Last spring, we posted a dispatch from Dr. Randy Lewis about his travels to Sicily, Italy to screen an ethnographic documentary called Texas Tavola that he directed and produced with Dr. Circe Sturm. We’re pleased to also share with you a brand new piece in the College of Liberal Arts’s Life and Letters magazine featuring the duo’s work on this film, as well as Dr. Lewis’s and Dr. Sturm’s broader concerns with public scholarship.
“From Bryan to Sicily: Public Scholars Join Academy to Community” can be read in its entirety here, and here is a quick excerpt:
Sturm and Lewis both come from non-academic families, and this background is a big driver of their passion for public scholarship.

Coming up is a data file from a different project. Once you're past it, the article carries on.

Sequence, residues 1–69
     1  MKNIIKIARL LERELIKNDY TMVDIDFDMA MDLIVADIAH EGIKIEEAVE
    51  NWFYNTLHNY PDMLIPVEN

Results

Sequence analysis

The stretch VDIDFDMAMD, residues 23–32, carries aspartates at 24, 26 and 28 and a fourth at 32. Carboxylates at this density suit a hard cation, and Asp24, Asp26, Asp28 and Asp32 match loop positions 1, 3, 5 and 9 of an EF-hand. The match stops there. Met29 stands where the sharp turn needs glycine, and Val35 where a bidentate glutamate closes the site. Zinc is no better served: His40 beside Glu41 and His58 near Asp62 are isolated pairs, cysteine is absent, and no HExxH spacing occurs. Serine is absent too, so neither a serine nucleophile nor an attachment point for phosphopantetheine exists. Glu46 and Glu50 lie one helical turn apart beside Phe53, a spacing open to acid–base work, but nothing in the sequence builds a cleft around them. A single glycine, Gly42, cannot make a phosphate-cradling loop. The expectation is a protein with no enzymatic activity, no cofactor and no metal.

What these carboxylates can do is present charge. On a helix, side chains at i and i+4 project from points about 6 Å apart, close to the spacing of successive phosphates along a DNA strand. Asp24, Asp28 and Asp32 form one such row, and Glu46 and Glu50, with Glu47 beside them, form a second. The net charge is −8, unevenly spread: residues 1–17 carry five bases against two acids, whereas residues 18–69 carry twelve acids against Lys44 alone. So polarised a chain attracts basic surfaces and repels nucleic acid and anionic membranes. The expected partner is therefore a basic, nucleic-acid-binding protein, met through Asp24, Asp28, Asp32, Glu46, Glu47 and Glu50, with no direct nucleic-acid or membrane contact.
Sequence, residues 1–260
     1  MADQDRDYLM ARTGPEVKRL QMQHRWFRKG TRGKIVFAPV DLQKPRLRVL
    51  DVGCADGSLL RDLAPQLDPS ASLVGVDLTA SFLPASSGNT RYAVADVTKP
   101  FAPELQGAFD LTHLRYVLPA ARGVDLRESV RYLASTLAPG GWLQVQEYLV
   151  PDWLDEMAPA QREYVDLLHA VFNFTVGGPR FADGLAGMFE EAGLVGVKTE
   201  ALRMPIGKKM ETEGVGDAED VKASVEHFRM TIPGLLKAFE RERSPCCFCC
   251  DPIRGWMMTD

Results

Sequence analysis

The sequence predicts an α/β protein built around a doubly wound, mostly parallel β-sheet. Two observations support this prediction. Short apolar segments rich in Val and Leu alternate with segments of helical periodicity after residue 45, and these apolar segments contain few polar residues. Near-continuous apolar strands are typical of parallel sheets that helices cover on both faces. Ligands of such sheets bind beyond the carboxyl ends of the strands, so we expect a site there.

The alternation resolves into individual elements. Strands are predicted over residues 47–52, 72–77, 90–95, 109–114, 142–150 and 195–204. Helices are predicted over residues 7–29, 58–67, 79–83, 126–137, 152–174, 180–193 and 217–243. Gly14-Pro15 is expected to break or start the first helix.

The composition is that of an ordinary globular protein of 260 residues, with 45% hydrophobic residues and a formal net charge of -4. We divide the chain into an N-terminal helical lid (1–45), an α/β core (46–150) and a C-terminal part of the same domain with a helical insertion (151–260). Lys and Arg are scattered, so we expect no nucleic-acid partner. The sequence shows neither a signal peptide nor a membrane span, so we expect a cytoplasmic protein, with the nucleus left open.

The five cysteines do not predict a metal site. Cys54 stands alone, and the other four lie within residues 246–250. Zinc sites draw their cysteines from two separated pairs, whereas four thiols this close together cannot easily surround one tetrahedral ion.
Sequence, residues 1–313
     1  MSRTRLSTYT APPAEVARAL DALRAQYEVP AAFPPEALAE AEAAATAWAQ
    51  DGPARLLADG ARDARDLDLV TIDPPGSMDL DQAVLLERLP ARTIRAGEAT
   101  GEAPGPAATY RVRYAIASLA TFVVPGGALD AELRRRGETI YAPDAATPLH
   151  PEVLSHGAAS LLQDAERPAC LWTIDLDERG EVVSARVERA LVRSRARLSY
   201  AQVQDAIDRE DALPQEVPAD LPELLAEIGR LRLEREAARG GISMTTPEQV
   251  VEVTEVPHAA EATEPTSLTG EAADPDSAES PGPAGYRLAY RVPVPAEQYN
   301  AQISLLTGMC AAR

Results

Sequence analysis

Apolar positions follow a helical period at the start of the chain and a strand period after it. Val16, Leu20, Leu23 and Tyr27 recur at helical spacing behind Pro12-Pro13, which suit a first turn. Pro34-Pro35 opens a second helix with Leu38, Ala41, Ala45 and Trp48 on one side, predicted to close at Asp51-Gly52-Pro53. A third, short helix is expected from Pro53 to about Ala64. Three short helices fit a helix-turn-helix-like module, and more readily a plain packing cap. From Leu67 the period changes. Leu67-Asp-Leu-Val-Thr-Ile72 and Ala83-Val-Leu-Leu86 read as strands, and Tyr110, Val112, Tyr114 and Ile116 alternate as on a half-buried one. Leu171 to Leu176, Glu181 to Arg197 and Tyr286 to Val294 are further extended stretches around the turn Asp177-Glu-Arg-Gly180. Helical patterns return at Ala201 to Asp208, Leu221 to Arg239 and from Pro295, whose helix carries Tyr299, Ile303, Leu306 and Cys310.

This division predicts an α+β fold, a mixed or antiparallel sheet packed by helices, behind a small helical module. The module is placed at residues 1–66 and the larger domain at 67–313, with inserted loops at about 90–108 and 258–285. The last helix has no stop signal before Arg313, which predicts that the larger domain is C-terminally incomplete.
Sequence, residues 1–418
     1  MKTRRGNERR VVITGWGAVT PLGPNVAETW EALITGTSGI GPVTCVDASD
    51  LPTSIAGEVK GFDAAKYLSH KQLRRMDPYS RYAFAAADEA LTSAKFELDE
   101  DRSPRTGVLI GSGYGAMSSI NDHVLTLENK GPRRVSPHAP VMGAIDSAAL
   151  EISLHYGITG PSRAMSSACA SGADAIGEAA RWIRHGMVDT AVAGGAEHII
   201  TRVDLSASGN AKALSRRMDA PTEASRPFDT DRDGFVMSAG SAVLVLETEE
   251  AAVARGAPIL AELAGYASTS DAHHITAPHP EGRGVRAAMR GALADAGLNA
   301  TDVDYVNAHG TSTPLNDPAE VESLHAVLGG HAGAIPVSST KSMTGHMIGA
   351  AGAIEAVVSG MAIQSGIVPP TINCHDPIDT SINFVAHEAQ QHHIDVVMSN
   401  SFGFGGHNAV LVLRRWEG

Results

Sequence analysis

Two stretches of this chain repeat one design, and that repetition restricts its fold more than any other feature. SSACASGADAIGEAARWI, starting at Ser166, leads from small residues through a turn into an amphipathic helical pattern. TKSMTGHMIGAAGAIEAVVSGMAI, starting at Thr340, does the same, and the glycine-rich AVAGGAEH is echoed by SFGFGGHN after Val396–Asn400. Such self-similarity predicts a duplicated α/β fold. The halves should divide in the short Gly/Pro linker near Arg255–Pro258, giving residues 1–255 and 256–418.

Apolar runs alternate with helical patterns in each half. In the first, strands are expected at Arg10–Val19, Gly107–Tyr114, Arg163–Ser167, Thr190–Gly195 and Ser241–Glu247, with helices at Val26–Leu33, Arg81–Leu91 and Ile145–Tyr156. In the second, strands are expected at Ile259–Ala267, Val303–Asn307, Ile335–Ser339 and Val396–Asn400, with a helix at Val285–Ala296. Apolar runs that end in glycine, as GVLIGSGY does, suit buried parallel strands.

“Randy and I have always tried to create work that has an impact as scholarship and is also accessible to broader publics,” Sturm says. “Even with book writing, we’re both committed to writing about complex ideas in such a way that anyone can read it and that the communities that we write about will want to read it and engage with it.”
Public scholarship is intellectual work done with a non-academic audience in mind. It can take many forms, from digital humanities and online journals to books and documentary films created for a general public.
“Public scholarship is a broader thing that’s trying to transcend this inwardlooking model of higher education and really connect with different kinds of publics and communities out there,” Lewis says. “How do you convert or translate [your academic research] into something that resonates with the people who are actually paying for the University of Texas?”